An update on COVID-19 temporary lending changes
The sudden and unknown nature of COVID-19 has triggered an unprecedented global economic shock and disruption to Australia’s economy and business confidence. Even as restrictions start lifting, we are still well and truly in a national state of economic ‘hibernation’.
Borrowers are seeking to reduce unnecessary expenses to preserve cashflows to survive through these uncertain times. As a result, banks and lenders are grappling with a sudden spike of relief requests from consumer and business customers at the start of this economic shock, and have been forced to respond rapidly to borrowers while navigating new economic stimulus packages.
Banks and lenders have been put in a position where they have to strike a sustainable balance between:
- Demonstrating compassion to borrowers;
- Maintaining capital adequacy; and
- Avoiding exposure to future regulatory risk.
Because of this, many lenders are reducing their risk appetite and tightening the screws with credit policies.
Why are lenders changing their lending policy?
- To reduce their exposure with future delinquent loans
- Protect their balance sheet and maintain a healthy credit rating with rating agencies like Moodys and Standard & Poor.
- Reduce emerging serviceability risk associated with the economic fallout from COVID outbreak
- Provide a more accurate risk assessment to borrowers wanting to get a loan
What are lenders concerned about when assessing your loan application?
When navigating these changes to lender policies, it’s important to understand how lenders assess loan applications. Lenders are looking to compartmentalise their lending risk during COVID-19 based on a set of metrics.
These differ from lender to lender but include considerations such as:
- Is your current industry being heavily impacted by COVID-19?
- What’s your current occupation? if your main responsibility is in sales and unable to perform that task, this may be considered as an added to risk to the lender
- What is your occupation type? Are you currently being employed as full-time, part-time, casual or contractor? Casuals and contractors may be deemed high risk due to uncertainty with the employment arrangement.
Remember: a lender’s main concern is the borrower’s ability to meet their ongoing monthly repayments. This largely relies on continuity with employment.
Other things that lenders might take into consideration include, but are not limited to:
- Has rental income reduced on any of your investment properties?
- Does your salary encompass Job Keeper payments?
- Lenders will also try to gauge a general understanding of your repayment conduct. For example, are you taking a repayment holiday for any of your existing loans? Are you making your scheduled repayments on time?
How are lenders are temporarily changing their lending policies
Lenders are constantly assessing their lending policies to ensure it is in line with their risk appetite.
Some temporary policy changes include, but are not limited to:
- Not taking into account your income if your industry is considered to be high-risk or heavily impacted by COVID-19
- Not taking into account any income for servicing if your occupation type is casual and/or contractor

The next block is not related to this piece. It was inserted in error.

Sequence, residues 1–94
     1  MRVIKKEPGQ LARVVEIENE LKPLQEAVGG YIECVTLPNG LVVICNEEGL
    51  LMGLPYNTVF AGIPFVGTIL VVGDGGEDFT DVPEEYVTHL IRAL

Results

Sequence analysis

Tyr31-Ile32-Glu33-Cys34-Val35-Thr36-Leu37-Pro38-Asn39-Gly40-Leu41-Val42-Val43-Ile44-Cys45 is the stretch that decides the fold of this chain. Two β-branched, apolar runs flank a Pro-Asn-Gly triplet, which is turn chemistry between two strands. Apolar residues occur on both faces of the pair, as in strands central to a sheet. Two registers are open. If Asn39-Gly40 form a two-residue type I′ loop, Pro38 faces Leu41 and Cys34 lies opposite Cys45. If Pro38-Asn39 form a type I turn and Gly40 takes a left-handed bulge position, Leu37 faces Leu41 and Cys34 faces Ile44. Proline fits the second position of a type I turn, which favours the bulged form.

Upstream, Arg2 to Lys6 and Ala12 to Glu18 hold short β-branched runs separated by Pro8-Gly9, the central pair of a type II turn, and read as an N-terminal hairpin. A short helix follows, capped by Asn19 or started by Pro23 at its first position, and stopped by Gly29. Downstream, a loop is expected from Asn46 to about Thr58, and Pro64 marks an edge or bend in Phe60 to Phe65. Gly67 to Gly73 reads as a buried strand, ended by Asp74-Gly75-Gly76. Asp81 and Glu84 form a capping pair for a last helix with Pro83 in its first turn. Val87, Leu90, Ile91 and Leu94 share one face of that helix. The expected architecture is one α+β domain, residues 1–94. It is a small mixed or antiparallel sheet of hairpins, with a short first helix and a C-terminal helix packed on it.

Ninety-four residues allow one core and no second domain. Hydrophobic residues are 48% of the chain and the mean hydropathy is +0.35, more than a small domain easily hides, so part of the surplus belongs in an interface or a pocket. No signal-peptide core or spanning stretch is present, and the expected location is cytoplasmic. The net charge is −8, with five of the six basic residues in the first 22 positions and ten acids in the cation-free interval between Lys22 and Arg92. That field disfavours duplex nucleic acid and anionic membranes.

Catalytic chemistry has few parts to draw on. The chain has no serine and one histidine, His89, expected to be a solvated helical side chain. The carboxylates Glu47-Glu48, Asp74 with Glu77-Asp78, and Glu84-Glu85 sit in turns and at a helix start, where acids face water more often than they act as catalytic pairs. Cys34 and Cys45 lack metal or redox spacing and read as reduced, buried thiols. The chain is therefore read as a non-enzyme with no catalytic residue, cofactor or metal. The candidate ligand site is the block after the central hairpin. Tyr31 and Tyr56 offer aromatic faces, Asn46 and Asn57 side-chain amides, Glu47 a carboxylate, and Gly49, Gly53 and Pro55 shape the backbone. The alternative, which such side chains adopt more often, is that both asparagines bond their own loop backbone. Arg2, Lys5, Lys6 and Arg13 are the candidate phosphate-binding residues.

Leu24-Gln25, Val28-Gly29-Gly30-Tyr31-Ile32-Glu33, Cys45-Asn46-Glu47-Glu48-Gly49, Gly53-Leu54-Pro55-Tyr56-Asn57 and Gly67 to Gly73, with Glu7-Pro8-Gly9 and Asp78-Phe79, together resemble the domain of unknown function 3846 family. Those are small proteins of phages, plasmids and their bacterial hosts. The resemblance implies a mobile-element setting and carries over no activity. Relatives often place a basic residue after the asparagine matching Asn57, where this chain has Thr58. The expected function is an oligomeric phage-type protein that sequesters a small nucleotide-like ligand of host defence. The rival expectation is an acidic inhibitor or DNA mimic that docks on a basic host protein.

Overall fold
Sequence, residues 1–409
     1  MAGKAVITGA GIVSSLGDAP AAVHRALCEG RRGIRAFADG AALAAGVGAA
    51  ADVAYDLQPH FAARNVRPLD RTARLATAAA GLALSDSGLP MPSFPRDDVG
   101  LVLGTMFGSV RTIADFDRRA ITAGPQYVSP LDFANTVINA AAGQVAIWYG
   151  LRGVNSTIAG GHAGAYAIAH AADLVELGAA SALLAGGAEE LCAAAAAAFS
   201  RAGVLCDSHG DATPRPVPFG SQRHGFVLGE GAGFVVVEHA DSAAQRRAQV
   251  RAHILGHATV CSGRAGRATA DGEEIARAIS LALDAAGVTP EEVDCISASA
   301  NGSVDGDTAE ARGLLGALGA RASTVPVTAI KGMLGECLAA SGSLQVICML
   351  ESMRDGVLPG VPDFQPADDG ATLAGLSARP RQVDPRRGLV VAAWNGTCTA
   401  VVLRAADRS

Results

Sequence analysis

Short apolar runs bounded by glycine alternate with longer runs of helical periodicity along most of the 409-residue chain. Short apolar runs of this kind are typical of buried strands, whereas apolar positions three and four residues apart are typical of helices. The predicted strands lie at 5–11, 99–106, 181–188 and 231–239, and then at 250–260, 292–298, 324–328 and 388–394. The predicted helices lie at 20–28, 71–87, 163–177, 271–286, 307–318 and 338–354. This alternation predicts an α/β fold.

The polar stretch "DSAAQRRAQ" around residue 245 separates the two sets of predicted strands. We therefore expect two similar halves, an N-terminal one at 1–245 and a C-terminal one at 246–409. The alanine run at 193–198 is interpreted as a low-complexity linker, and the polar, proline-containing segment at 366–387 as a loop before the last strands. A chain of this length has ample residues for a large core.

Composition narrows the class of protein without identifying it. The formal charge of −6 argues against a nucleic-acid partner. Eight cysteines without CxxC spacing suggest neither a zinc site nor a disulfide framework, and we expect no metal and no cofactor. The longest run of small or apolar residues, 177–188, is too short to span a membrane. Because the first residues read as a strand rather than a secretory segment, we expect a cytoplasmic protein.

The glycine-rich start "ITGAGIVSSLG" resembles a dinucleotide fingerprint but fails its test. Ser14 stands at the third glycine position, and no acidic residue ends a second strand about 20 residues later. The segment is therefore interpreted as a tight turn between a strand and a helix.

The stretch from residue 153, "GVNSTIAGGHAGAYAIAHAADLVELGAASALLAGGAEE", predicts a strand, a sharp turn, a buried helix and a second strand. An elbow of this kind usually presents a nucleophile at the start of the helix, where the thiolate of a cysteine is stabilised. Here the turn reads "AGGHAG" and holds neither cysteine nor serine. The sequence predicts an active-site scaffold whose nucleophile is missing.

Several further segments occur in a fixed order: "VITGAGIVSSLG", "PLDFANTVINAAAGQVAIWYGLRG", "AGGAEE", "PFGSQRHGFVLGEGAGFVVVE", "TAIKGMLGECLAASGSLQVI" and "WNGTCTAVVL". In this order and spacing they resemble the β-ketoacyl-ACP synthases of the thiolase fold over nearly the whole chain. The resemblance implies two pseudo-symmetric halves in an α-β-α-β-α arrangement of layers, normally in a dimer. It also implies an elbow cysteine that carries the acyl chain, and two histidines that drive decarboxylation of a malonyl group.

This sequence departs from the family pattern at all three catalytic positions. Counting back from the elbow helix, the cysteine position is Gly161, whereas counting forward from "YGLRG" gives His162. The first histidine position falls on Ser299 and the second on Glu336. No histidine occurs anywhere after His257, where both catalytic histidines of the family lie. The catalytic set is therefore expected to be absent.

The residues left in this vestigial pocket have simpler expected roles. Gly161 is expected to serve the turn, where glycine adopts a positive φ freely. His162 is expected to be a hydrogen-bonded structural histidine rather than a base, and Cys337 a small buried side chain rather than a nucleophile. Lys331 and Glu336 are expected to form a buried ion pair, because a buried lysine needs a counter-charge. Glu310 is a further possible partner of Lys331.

- An increase in income shading on income such as overtime, commissions, bonuses etc. For example, if the lender typically only uses 80% of your commission income for your loan, the lender may only use 60% of your income under the new temporary change.
- A reduction in rental income used for calculating affordability. As a standard practice, lenders are prepared to use 80% of the gross rental income however some lenders may reduce this from 80% to 70%
- Applying a restriction on Loan to Value Ratio (LVR), which is how much you can borrow against the property.
- Requiring borrowers to demonstrate ‘time in job‘, where you need to be with an employer for a minimum period or no longer on probation
- Reducing the LMI Waiver under Medico or Professional Industry policy from an LVR of 90% to 85%
- Mandatory employment verification where the lender will contact your employer to confirm your employment details
What to expect from lenders as part of the application
- Lenders may request more information once the application has been submitted
- Lenders may request more up-to-date supporting documents such as payslips or bank statements or home loan statements
- You may be required to obtain a Letter from Employer demonstrating continuity with employment
- There may be a delay in service level. It’s now taking longer for lenders to review applications as resources are stretched out.
With all the changes, it’s more important than ever to have a mortgage broker by your side to help you navigate different lender policies. During these challenging times, our team of expert brokers are here to help. Get in touch with us today.
** General Advice Warning
The information provided on this website is general in nature only and it does not take into account your personal needs or circumstances into consideration. Before acting on any advice, you should consider whether the information is appropriate to your needs and where appropriate, seek professional advice in relation to legal, financial, taxation, mortgage or other advice.